‘Unfinished Life’ author tells own tale in memoir

By Leslie DeLooze
Feb. 3, 2007

BATAVIA – During February and March, “A Tale for Three Counties” is
presenting its fifth annual community reading program. Readers in
Genesee, Orleans and Wyoming counties are encouraged to spend time
reading An Unfinished Life by Mark Spragg and then talk about the
book at book discussions or informally with friends and neighbors.
The author will visit the area in March to talk about his writing.
If you have already read An Unfinished Life, get to know author Mark
Spragg through his memoir, Where Rivers Change Direction. The title
refers to the remote area of Wyoming where Mark grew up with his
family, a mountainous region near Yellowstone Park and the
Continental Divide.
The Spragg family owned the oldest dude ranch in the state, and much
of the memoir is about growing up close to the land and working as a
cowboy. It is hard to imagine the amount of responsibility that
Spragg and his younger brother were required to take on, the
demanding and dangerous situations they sometimes faced, and the very
basic conditions in which the family lived.
Today we might think that the life he led was one of privation, but
his account of it is both exuberant and grateful. The remote area in
which the family lived had no television and during the winter
months, there was no running water in the cabin Mark and his brother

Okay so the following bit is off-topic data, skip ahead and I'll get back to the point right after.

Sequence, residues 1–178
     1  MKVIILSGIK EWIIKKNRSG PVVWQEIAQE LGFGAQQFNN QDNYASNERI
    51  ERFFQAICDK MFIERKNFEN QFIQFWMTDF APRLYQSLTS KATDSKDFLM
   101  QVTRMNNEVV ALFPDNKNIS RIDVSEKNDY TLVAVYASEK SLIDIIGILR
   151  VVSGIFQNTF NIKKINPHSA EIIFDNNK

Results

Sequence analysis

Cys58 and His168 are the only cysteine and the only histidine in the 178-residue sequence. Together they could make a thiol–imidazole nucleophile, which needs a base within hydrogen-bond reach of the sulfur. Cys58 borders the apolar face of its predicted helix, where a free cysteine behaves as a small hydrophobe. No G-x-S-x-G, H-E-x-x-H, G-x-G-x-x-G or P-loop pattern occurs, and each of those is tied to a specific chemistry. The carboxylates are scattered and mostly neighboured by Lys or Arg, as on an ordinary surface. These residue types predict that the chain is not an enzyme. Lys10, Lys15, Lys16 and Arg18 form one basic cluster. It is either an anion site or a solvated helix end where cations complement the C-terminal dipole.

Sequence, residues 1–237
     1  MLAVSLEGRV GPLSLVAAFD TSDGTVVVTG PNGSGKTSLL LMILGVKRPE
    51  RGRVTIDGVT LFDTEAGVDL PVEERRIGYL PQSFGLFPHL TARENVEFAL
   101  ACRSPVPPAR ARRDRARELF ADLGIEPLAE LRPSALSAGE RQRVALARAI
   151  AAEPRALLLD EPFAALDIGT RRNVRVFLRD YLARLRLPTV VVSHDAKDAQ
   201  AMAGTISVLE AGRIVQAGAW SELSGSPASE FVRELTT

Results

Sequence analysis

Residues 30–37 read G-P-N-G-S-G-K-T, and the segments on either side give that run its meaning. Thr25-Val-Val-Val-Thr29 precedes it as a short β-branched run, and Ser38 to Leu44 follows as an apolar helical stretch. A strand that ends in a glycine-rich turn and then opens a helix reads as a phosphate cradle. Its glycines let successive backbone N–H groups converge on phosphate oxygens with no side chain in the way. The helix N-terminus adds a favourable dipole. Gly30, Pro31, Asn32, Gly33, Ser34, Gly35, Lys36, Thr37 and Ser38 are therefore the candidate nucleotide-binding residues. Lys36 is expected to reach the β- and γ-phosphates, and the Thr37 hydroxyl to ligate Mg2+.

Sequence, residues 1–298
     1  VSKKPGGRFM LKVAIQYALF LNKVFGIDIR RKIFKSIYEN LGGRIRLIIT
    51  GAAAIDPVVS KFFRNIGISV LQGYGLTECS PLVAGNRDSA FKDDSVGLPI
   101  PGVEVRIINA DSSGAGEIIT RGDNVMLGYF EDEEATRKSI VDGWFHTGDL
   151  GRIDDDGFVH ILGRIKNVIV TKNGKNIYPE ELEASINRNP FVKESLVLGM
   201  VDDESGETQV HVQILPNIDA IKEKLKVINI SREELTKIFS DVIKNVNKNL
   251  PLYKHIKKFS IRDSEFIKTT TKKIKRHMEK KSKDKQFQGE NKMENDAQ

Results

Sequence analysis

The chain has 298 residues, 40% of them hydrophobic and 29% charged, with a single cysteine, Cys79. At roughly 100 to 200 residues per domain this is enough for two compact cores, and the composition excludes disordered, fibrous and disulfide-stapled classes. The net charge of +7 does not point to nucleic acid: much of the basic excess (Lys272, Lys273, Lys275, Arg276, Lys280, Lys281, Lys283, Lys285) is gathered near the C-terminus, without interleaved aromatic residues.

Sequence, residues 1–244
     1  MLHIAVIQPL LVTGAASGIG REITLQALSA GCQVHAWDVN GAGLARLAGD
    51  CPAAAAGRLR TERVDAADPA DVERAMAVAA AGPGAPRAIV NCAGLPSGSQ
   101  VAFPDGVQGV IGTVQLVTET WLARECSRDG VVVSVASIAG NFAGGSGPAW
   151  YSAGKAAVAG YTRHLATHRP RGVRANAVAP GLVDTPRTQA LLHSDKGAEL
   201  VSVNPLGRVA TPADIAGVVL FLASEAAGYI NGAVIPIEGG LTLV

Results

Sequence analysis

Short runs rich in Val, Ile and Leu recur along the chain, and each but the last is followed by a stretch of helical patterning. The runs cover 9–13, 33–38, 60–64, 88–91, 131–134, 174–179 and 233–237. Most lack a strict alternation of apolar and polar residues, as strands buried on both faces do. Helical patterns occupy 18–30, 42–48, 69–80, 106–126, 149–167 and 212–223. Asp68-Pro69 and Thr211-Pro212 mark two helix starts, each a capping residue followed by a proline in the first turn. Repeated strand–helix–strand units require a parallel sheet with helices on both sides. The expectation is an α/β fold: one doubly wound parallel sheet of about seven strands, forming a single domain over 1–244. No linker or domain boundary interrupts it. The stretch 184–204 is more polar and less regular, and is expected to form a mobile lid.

shared. The brothers read from their father’s massive collection of
books, and participation in community events like the annual
Christmas pageant or a livestock auction were grand occasions.
Lessons about the natural world, the psychology of humans, and the
ways of horses come from many different experiences: other ranch
hands – geezers who are old before their time, visitors to the dude
ranch trying to be macho hunters or cowboys for a week, and working
long days among animals.
The story is told vividly with words that appeal to the senses. The
reader can feel the searing heat and numbing cold of the extreme
climate, smell the sagebrush and see the colors of the forests and
valleys.
This coming-of-age story is understated, funny, suspenseful, and
bittersweet. It’s not a common story, especially for its 1960s period
and it could be enjoyed by many ages of readers. Themes of growing
up, horses, survival, family dynamics and first crushes make it
immensely readable.
Each year in “A Tale for Three Counties,” we have been treated to
fine novels with authors who have been kind, enthusiastic and genuine
during their visits. That tradition is certain to continue this year.
Information about Tale for Three Counties is available at Richmond
Memorial Library, 19 Ross St., Batavia, other public libraries in our
counties, Genesee Community College and online at
www.TaleforThreeCounties.org.

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Courtesy of Batavia Newspapers Corporation

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